Painkiller Addicts Need Longer Detox Periods

Painkiller addict waiting.

New research indicates irrefutable evidence of what many addiction experts have been concerned about for some time. When opioid addicts go to rehab for treatment, the vast majority of the time they are not getting detoxification services that are long enough to ensure an effective detoxification off of those substances.

According to a new study published by the Journal of the American Medical Association, current detoxification standards in regards to the length of treatment offered does not afford recovering addicts with enough time to properly ween down off of the opioids in their systems. When a recovering addict is not given enough time to come down off of opioids, they will leave a detox program still feeling the effects of those opioid chemicals, and they are likely to relapse.

Research Data Indicates Time as a Key Factor in Opioid Detox

The study that proved recovering addicts need more time in detox was performed by the University of Vermont. The research project examined seventy people, all of whom were undergoing detoxification for opioid addiction at various centers.

The study was very simple and painstakingly clear. Of the seventy recovering addicts monitored, the individuals who participated in a four-week detoxification program had far greater chances of success and less recidivism than recovering addicts who took part in a one to two-week detoxification program.

This study was published as an introductory model, a suggestion that far more intimate research should be done. According to study author Stacey Sigmon:

“Additional controlled studies are needed to better understand the parameters of efficacious treatments for [prescription opioid] dependence, as well as to identify the individuals for whom brief vs. longer-term treatments are warranted.”

But even just this brief glimpse from a seventy-person study is indicative enough that:

Longer time spent receiving treatment = a more effective and lasting recovery.

Longer time spent receiving treatment = a more effective and lasting recovery.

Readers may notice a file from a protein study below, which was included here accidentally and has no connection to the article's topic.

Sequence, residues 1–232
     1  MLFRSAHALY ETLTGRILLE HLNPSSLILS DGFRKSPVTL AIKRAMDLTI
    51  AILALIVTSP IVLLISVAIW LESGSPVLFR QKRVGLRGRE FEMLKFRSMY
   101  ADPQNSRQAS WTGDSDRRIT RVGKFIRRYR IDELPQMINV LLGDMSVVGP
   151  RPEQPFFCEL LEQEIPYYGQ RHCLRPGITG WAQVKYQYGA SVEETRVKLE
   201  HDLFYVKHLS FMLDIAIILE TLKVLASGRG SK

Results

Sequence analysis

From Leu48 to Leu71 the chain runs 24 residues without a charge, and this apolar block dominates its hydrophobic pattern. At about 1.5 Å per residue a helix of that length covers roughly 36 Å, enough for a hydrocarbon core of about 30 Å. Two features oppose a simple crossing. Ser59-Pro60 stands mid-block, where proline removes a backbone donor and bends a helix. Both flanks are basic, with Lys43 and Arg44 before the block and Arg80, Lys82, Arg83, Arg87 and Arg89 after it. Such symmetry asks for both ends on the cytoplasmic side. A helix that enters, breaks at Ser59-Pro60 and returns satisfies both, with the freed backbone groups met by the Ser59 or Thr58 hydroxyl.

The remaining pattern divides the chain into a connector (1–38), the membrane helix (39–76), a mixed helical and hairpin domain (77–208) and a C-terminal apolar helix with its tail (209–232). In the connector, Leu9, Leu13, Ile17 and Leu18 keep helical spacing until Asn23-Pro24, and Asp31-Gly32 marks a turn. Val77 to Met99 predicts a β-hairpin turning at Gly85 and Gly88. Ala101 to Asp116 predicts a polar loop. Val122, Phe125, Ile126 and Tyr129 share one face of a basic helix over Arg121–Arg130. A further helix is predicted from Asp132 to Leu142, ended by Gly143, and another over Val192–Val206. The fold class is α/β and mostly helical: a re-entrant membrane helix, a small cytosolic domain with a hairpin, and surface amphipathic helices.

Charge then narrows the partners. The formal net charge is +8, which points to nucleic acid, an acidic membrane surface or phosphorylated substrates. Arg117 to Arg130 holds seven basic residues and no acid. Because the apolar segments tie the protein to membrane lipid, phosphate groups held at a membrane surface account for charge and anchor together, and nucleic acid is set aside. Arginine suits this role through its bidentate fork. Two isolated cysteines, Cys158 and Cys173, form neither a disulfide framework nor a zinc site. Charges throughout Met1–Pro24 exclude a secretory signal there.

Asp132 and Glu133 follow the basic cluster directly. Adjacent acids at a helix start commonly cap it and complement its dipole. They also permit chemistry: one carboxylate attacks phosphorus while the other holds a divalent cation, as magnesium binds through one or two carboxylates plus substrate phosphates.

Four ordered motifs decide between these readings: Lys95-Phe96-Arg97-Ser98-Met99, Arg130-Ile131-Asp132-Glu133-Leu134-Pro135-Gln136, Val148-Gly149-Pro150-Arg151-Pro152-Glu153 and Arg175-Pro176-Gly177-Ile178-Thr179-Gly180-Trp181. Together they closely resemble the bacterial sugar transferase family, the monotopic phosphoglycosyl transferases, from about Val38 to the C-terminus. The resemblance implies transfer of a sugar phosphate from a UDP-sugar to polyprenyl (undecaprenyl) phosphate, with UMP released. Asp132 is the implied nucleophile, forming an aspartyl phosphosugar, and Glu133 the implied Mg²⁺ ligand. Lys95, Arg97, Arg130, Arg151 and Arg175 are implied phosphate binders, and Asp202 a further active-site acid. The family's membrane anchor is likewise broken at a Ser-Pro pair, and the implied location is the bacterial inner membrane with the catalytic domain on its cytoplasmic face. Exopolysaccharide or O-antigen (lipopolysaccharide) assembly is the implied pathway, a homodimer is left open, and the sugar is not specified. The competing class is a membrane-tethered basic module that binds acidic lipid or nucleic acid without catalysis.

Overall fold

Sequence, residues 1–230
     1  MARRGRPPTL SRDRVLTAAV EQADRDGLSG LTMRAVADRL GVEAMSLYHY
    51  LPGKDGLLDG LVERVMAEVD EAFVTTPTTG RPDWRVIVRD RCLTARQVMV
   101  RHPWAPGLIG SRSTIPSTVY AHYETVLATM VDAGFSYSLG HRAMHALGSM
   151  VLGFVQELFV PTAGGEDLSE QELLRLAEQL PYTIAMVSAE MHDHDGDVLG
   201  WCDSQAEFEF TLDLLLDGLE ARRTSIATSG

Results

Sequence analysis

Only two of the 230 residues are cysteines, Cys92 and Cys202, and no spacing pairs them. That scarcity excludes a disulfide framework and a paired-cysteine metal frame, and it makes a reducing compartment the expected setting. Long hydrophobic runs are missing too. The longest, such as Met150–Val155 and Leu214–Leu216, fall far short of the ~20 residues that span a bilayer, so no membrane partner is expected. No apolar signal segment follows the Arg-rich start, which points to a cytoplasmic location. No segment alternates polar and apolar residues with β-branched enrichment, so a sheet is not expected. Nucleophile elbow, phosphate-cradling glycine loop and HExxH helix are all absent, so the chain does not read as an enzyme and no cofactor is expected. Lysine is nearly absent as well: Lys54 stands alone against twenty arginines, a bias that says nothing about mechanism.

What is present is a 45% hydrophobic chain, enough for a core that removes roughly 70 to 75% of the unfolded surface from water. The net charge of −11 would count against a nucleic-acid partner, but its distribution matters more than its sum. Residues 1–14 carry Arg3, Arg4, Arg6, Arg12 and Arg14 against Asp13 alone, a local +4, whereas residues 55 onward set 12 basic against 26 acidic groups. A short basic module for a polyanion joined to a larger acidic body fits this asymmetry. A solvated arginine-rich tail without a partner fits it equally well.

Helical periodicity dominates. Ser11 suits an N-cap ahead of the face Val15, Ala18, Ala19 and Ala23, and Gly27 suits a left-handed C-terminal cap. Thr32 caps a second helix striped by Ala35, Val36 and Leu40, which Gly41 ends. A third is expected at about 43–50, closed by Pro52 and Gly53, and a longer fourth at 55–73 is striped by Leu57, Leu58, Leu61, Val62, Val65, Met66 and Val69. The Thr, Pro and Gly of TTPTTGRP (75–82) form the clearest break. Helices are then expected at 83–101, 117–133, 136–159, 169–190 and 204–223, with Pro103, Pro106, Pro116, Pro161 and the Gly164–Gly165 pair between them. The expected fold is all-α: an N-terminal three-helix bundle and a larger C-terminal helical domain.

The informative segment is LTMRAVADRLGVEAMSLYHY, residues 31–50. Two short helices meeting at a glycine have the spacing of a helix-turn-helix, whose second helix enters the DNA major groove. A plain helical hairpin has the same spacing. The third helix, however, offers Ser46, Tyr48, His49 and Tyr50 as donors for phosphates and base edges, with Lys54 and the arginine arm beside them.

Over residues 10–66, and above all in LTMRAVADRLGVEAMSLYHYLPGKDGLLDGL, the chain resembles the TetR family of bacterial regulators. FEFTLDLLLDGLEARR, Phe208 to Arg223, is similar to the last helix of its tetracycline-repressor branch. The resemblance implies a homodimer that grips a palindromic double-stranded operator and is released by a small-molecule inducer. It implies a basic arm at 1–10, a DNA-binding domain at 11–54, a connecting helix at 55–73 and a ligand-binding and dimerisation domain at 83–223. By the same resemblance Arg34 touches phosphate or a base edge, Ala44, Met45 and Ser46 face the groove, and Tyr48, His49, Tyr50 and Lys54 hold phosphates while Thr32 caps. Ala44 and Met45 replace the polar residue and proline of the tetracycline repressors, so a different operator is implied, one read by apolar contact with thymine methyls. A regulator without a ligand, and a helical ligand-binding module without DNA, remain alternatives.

Also: More time spent in detoxification and purification of harmful drug chemicals from the body = fewer cravings and temptations for opioids post-detoxification.

We want recovering addicts to have the best shot they can get at a lifetime of sobriety. So wouldn’t it make sense then to extend the time of the average detoxification program? Wouldn’t it make sense to give recovering addicts more time in their detoxification and recovery process?

Long-Term Detox and Rehab Offer the Best Results

Rehab calendar

Many have suspected for years now that one of the greatest mistakes most treatment centers make is in not letting recovering addicts stay long enough to fully resolve their issues. Most centers only offer a five-day detox and a three and a half week residential program, and that just isn’t enough time to fully recover a person from the many facets of a substance abuse problem.

When we look at this from a logical perspective, it certainly makes sense. If a person has been abusing drugs for an extensive period of time, years even, how could a rehab program that only affords them services for a few weeks possibly hope to accomplish a stabilizing result? Drug rehab programs and detox centers that offer months of inpatient care are able to turn over every rock and examine a drug problem from every angle.

A detox program that presents several weeks of inpatient services and thorough care will serve to fully purify a recovering addict’s body from every trace element of opioids. Once a recovering addict no longer has cravings or withdrawal symptoms as a result of a thorough detoxification period, they will be able to go on to the actual rehabilitation side of a treatment program and begin working on the personal, spiritual, and psychological aspects of addiction recovery.




After working in addiction treatment for several years, Ren now travels the country, studying drug trends and writing about addiction in our society. Ren is focused on using his skill as an author and counselor to promote recovery and effective solutions to the drug crisis. Connect with Ren on LinkedIn.